By Celica Cook, SBM Student Life Editor

Nirvana, Alice in Chains, Stone Temple Pilots, Hole–sound familiar? These are some of the great bands that emerged out of the 1990s grunge scene. Sadly, grunge fell apart almost as soon as it came together, and got replaced with bands like Nickelback and Matchbox Twenty, more commercialized versions of what was once grunge, now called post-grunge.


Pearl Jam is the only band from the original grunge scene left in the current music scene. Their latest album, Gigaton, is their eleventh studio album, and the first album that they have put out in seven years. It is also their longest album to date, with the slower tunes for the win.


Pearl Jam has always been on the softer side of grunge. Their music seems to take its sweet time, unfolding slowly, but powerfully. It draws you in and keeps you there as one melody unfolds to the next. Gigaton is equally as intense and engaging Pearl Jam’s music always was. There is a reason that Pearl Jam is still here and thriving in the music world 29 years after their first album release.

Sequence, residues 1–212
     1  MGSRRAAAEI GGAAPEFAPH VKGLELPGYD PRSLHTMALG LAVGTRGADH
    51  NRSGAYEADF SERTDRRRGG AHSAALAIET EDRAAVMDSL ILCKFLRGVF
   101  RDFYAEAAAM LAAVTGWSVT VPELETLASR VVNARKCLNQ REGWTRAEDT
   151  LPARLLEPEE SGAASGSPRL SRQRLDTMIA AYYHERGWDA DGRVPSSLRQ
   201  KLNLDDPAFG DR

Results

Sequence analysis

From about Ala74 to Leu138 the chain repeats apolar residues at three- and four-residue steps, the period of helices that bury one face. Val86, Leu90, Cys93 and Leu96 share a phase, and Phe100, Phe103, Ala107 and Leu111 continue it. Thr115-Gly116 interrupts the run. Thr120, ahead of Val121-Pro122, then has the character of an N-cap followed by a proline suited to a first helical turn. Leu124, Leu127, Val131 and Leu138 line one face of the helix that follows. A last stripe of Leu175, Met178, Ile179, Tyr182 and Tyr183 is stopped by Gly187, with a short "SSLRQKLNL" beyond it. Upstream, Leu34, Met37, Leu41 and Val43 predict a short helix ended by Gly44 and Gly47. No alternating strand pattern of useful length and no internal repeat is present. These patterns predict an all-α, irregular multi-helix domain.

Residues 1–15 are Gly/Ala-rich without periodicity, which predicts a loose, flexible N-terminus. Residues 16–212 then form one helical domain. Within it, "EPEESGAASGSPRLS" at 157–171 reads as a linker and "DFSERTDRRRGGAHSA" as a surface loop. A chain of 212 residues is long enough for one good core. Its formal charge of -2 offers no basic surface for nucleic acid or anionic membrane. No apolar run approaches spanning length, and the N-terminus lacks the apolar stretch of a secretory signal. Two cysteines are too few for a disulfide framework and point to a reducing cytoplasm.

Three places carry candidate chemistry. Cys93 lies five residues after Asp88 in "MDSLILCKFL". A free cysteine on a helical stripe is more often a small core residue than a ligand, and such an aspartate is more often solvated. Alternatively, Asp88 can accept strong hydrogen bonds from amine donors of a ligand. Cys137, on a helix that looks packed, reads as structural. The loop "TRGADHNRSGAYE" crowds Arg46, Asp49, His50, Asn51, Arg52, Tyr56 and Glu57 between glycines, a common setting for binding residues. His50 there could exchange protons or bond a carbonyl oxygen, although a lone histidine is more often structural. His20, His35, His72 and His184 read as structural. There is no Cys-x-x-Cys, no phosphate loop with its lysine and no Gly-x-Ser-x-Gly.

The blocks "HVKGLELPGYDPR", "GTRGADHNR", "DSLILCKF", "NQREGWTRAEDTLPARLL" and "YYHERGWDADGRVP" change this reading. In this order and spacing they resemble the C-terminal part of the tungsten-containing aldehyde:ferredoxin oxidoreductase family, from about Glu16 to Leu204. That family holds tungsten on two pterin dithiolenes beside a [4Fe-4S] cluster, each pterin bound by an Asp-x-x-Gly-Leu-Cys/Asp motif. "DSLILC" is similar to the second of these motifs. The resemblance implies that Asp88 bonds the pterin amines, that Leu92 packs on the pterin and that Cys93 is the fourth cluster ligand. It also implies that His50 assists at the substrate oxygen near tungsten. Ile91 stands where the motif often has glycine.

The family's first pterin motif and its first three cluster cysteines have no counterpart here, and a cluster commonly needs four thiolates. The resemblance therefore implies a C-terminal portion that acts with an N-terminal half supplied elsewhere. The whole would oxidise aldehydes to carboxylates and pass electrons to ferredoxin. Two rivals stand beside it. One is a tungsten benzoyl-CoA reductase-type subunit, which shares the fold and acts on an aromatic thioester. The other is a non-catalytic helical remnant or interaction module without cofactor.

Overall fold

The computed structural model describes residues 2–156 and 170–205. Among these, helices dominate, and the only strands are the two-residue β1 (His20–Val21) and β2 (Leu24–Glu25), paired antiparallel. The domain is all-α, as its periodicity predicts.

Gigaton is a social commentary on issues surrounding climate change. A gigaton is the measurement of the melting point of polar ice caps. The song lyrics are a rage against the machine, but it doesn’t rage in anger. Gigaton is soft-rock– spacy backgrounds with long, drawn out guitar pieces that put you in a sort of trance. Overall, the point of this album isn’t to help the audience feel their inner rage. It is a call to action for humanity to stand together in a time of chaos.




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